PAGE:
Build Better Now, an immersive virtual reality exhibition showcasing global ideas for a more sustainable built environment, is officially opened to the public.
The virtual pavilion, designed by AECOM in collaboration with Install Archive, features a series of dome-shaped exhibition spaces amongst treetops and connected by walkways.
The exhibition showcases 17 sustainable built projects selected from an international Open Call. Build Better Now also features a new 3D installation and accompanying film conceived for COP26 by Make Architects.
“With COP26, the world is ready to tackle climate change and the built environment has a crucial part to play. We know why we must accelerate climate action and Build Better Now shows how we can get there. Everyone on the planet has a stake in our buildings and cities,” saysJulie Hirigoyen, Chief Executive at the UK Green Building Council. “I invite everyone to take inspiration from Build Better Now as a global showcase of pioneering solutions to climate change and hope that it supports the industry to create more sustainable buildings, places and cities of the future.”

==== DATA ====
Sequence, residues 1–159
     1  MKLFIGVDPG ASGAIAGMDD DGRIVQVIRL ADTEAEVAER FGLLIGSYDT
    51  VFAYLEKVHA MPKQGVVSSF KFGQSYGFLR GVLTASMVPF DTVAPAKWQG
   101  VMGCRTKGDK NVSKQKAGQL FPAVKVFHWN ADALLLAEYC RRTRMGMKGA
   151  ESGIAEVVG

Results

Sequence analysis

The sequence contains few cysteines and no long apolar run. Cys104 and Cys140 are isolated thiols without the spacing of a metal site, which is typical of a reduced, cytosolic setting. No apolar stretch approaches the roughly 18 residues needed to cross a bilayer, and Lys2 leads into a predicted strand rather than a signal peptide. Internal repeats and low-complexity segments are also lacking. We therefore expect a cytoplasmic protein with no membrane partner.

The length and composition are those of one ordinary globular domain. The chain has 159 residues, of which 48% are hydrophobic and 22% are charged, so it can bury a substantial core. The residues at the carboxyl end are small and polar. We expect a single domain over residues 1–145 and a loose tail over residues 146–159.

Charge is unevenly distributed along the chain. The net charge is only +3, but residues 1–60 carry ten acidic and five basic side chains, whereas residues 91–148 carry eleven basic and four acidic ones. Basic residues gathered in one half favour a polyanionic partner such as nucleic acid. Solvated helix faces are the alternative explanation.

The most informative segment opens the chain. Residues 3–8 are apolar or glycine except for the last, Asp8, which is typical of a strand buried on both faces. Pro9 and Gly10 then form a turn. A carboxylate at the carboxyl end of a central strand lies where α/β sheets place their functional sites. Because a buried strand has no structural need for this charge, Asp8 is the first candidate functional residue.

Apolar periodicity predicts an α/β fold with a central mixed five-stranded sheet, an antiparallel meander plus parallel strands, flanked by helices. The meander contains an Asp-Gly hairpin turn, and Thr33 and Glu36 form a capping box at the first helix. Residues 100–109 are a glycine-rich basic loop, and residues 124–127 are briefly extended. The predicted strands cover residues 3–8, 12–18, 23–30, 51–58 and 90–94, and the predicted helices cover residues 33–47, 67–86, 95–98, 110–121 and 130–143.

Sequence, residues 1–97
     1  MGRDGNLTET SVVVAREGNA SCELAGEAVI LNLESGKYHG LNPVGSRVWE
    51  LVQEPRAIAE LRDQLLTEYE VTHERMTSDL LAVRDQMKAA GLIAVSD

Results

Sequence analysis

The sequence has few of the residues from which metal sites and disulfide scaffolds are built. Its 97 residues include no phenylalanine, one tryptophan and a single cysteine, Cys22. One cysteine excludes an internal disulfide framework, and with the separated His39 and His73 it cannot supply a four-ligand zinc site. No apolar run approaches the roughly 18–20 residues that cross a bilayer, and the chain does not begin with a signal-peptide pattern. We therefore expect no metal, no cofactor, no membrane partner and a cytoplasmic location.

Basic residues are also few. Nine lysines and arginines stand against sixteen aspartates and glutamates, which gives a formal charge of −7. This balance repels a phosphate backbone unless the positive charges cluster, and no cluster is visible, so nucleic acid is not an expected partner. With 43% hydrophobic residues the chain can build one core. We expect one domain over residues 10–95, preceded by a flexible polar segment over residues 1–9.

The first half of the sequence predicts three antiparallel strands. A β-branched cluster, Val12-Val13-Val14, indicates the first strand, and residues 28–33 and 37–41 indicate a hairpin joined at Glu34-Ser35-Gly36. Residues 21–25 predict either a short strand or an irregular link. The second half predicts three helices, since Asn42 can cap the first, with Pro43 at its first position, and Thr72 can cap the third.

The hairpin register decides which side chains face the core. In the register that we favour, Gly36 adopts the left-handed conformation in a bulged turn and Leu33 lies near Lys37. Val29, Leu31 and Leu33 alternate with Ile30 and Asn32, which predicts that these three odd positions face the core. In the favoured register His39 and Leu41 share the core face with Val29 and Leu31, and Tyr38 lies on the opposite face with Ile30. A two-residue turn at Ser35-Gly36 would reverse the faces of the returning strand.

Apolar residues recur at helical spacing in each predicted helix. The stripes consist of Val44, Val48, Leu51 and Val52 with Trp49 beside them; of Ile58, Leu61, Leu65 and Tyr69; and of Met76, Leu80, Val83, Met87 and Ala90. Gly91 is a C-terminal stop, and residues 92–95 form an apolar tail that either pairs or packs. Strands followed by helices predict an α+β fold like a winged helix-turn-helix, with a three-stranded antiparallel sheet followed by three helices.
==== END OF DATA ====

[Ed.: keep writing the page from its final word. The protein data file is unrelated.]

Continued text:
Alongside the exhibition, Build Better Now hosts an events series comprising a programme of tours and talks, keynotes, panel discussions and other downloadable content.
Make Architects was selected to design a sustainability focused 360° installation and accompanying film that acts as a centrepiece within the pavilion. ‘The Fountain of Circular Recovery’ highlights opportunities for recovery, reuse and recycling in the built environment to establish a truly circular economy.
Pioneering projects include a cultural centre in Sweden that will be one of the world’s tallest timber buildings; the largest Certified Passivhaus building in the Southern hemisphere in Australia; a 100-hectare innovation district in Italy digitally mapped and powered by 100 per cent renewable energy sources; and the largest new build energy-positive office building in Norway, which supplies surplus renewable energy to neighbouring buildings as well as powering electric buses.